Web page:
Anonymous said...

My 4-year-old is just like this. I hadn't read anything about shutdowns before, but this is exactly what he does when he is distressed (hides under the bed, curls up on the floor, etc.).

Anonymous said...

My 8 yr old has meltdowns at home, but he will shutdown at school, so that's when I get a phone call to come and get him.

Anonymous said...

I don't know what's worse. My 5 year old has the mother of all meltdowns. It's so hard. However I'm sure that it feels helpless when your child goes into shutdown mode.

Anonymous said...

Thank you so much for sharing this!

Anonymous said...

I had not read about shutdowns before either - this is so so helpful!

Jimmy Riddle said...

I must admit I hadn't realised shutdown was a thing, my son has meltdowns, but they are few and far between just now, he seems to have switched to shut downs instead. His self harming behaviour is not present during shutdowns, just meltdowns. I would rather deal with a shut down, but after reading this I realise I still have a lot to do :) Thank you x

Unknown said...

Thank you so much for this information. Both my husband and son were diagnosed with HFA. I am learning much about the issue surrounding the disorder, and through mistakes and life experience. I hope this article helps others as well.

My child has been rejected by his peers, ridiculed and bullied !!!

Social rejection has devastating effects in many areas of functioning. Because the Aspergers child tends to internalize how others treat him, rejection damages self-esteem and often causes anxiety and depression. As the child feels worse about himself and becomes more anxious and depressed – he performs worse, socially and intellectually.

Click here to read the full article…

How to Prevent Meltdowns in Aspergers Children

Meltdowns are not a pretty sight. They are somewhat like overblown temper tantrums, but unlike tantrums, meltdowns can last anywhere from ten minutes to over an hour. When it starts, the Asperger's child is totally out-of-control. When it ends, both you and the Asperger’s child are totally exhausted. But... don’t breathe a sigh of relief yet. At the least provocation, for the remainder of that day -- and sometimes into the next - the meltdown can return in full force.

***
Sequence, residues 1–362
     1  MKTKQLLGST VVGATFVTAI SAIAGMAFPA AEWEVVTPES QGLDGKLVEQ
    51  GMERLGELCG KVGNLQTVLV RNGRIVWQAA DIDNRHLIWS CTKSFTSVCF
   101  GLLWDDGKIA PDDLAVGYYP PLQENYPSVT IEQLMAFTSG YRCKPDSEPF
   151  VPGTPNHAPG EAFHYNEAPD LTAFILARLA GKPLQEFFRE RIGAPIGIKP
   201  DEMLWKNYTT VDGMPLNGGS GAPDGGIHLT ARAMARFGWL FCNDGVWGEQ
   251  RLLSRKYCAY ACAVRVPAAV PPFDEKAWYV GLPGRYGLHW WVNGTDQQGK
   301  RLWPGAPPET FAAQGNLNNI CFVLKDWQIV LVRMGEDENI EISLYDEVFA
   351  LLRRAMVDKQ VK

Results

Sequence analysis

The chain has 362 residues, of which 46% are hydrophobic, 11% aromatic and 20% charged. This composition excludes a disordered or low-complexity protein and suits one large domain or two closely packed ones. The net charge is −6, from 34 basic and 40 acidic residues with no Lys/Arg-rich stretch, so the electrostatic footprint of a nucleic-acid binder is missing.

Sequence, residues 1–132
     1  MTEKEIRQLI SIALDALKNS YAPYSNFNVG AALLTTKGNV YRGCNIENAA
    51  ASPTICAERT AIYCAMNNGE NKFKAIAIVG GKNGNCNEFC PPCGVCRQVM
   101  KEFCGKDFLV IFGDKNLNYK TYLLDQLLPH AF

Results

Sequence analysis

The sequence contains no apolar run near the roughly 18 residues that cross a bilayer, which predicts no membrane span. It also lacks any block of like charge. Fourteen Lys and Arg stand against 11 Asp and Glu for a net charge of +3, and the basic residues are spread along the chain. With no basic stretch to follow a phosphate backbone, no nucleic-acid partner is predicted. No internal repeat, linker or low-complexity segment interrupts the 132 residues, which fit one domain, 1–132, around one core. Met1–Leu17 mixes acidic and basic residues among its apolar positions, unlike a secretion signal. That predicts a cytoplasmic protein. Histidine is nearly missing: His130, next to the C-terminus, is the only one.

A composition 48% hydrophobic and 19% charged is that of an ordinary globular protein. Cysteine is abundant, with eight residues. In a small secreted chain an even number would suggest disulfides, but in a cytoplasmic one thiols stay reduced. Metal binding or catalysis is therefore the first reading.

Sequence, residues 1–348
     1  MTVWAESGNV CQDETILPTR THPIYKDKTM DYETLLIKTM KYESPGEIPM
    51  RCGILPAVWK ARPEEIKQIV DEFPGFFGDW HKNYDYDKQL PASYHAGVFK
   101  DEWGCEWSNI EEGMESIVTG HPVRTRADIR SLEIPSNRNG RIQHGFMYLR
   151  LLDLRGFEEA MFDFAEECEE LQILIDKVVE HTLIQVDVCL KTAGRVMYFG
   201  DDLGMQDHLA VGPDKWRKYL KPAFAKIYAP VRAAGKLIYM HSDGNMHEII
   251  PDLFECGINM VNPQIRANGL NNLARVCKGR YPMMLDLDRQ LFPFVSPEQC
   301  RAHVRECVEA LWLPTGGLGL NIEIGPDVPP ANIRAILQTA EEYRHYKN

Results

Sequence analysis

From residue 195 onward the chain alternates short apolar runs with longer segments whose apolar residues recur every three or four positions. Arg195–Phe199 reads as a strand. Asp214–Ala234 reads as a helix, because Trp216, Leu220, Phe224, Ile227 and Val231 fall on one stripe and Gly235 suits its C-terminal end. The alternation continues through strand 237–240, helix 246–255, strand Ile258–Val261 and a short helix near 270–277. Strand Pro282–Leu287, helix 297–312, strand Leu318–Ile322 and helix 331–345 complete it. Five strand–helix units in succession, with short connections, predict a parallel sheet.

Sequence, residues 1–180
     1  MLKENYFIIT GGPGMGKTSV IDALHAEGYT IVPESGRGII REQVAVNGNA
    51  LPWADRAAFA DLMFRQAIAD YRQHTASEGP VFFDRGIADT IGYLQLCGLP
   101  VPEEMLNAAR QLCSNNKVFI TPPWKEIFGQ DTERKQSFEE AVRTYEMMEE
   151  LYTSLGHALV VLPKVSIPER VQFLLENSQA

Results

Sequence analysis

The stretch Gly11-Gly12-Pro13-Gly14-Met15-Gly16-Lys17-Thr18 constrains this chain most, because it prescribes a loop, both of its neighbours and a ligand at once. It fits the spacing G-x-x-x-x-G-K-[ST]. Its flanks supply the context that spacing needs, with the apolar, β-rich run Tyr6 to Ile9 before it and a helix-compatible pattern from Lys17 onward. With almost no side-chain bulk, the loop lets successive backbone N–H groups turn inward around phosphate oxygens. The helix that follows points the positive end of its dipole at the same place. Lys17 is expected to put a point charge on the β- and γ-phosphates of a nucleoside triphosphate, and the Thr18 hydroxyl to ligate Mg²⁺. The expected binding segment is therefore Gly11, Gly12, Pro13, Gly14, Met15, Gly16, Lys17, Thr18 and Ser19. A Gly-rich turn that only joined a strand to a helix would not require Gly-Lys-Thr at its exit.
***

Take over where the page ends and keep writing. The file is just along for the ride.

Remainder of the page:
Click here for the full article...

Parenting Defiant Aspergers Teens

Although Aspergers is at the milder end of the autism spectrum, the challenges parents face when disciplining a teenager with Aspergers are more difficult than they would be with an average teen. Complicated by defiant behavior, the Aspergers teen is at risk for even greater difficulties on multiple levels – unless the parents’ disciplinary techniques are tailored to their child's special needs.

Click here to read the full article…

Aspergers Children “Block-Out” Their Emotions

Parenting children with Aspergers and HFA can be a daunting task. In layman’s terms, Aspergers is a developmental disability that affects the way children develop and understand the world around them, and is directly linked to their senses and sensory processing. This means they often use certain behaviors to block out their emotions or response to pain.

Click here to read the full article…

Older Teens and Young Adult Children With Aspergers Still Living At Home

Your older teenager or young “adult child” isn’t sure what to do, and he is asking you for money every few days. How do you cut the purse strings and teach him to be independent? Parents of teens with Aspergers face many problems that other parents do not. Time is running out for teaching their adolescent how to become an independent adult. As one mother put it, "There's so little time, yet so much left to do."

Click here to read the full article…

Living with an Aspergers Spouse/Partner

Research reveals that the divorce rate for people with Aspergers is around 80%. Why so high!? The answer may be found in how the symptoms of Aspergers affect intimate relationships. People with Aspergers often find it difficult to understand others and express themselves. They may seem to lose interest in people over time, appear aloof, and are often mistaken as self-centered, vain individuals.

Click here to read the full article…

Online Parent Coaching for Parents of Asperger's Children

If you’re the parent of a child with Aspergers or High-Functioning Autism, you know it can be a struggle from time to time. Your child may be experiencing: obsessive routines; problems coping in social situations; intense tantrums and meltdowns; over-sensitivity to sounds, tastes, smells and sights; preoccupation with one subject of interest; and being overwhelmed by even the smallest of changes.

Click here to read the full article...

Unraveling The Mystery Behind Asperger's and High-Functioning Autism

Parents, teachers, and the general public have a lot of misconceptions of Asperger's and High-Functioning Autism. Many myths abound, and the lack of knowledge is both disturbing and harmful to kids and teens who struggle with the disorder.

Click here to read the full article...

My Aspergers Child - Syndicated Content